Pregnant women should eat a balanced, nutritional diet and increase their calorie intake to meet the needs of the developing fetus and their changing bodies. Eating a range of wholesome and nutritious foods during pregnancy is one of the most important things that women can do to ensure the normal development and growth of the fetus. And it can help prevent prematurity and low birth weight. For the mother, good nutrition helps prevent anemia, infection, and poor healing.
During the second trimester, pregnant women need an additional 340 calories each day. Make these extra calories count by choosing healthy, low-fat foods that pack a solid nutritional punch.
Talk to your caregiver about how to round out your diet and address any nutritional shortcomings -- particularly if you're a vegetarian, lactose intolerant, or follow a special diet for any other reason. Vegetarians, in particular, need to make a special effort to get all of the essential amino acids their babies need in order to develop normally.
Check the modified food plate, courtesy of the United States Department of Agriculture, to find out how many servings of each food group to aim for when you're pregnant.
Good nutrition during pregnancy depends on eating a variety of wholesome foods, such as whole grains, vegetables, and fruit. It is important for pregnant women to drink plenty of fluids and have an adequate intake of nutrients such as:
It is recommended that women who wish to become pregnant take a prenatal vitamin containing folic acid and other essential vitamins and minerals, including iron. Folic acid has been shown to decrease the risk of certain abnormalities.
These foods provide carbohydrates, which supply energy for your body and for your baby's growth. Whole-grain and fortified products contain folic acid and iron, too. (For details on what these and other nutrients do during pregnancy, see the Recommended Daily Allowances Chart). One ounce equals: 1 slice bread, 1 ounce of ready-to-eat cereal, ½ cup cooked rice or pasta, or 1 English muffin. Make sure at least half of your choices are whole-grain.
Vegetables are a good source of vitamins A and C, folic acid, iron, and magnesium. Try to get at least one cup of dark green or orange vegetables each day. One cup equals 2 cups raw leafy vegetables, 1 cup cooked vegetables, or 8 fluid ounces low-sodium vegetable juice. If you are having difficulty finding your favorite vegetables at the grocery store, look for frozen varieties with no added sodium. The only thing listed on the ingredients list should be the vegetable.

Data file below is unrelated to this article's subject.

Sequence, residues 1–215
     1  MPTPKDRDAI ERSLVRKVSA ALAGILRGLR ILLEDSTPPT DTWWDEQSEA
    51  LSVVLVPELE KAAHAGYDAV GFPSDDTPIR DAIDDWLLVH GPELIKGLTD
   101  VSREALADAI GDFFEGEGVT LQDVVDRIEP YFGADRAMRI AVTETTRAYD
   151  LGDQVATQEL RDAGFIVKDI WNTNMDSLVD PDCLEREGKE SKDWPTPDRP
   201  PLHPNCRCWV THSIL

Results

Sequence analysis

Fruit packs plenty of vitamins A and C, potassium, and fiber. Eat a variety of different fruits, and stock up on vitamin C-rich foods (such as citrus fruits, melons, and berries). Choose whole fruits over fruit juices, which lack fiber. One cup equals 1 medium piece of fresh fruit or ½ a piece of larger fruits such as mangos and grapefruits; 1 cup chopped, cooked, or canned fruit; ½ cup dried fruit; or 8 fluid ounces 100% fruit juice.
Dairy products are a great source of protein, calcium, and vitamin D. To keep calories and saturated fat in check, choose low-fat or fat-free dairy products. Milk and yogurts have more potassium and less sodium than most cheeses. One cup equals: 1 cup milk, 8 ounces of yogurt or cottage cheese, 1.5 ounces natural cheese, or 2 ounces processed cheese. If you are lactose-intolerant you can substitute Lactaid Milk or soy milk that has been fortified with calcium.
Foods from this group are excellent sources of B vitamins, protein, iron, and zinc. One ounce equals 1 ounce meat, fish, or poultry; one large egg; ¼ cup tofu; ½ cup cooked beans; or 1 tablespoon peanut of butter. Whenever possible, opt for lean cuts and low-fat cooking methods.
Since they're made up mostly of "empty" calories with little or no nutritional value, go easy on butter, margarine, salad dressing, cooking oil, and desserts. But don't cut fats oils out of your diet entirely. They provide long-term energy for growth and essential brain development.
Reviewed By: Irina Burd, MD, PhD, Maternal Fetal Medicine, Johns Hopkins University, Baltimore, MD. Review provided by VeriMed Healthcare Network. Also reviewed by David Zieve, MD, MHA, Isla Ogilvie, PhD, and the A.D.A.M. Editorial team. A.D.A.M. Editorial Update: 06/11/2014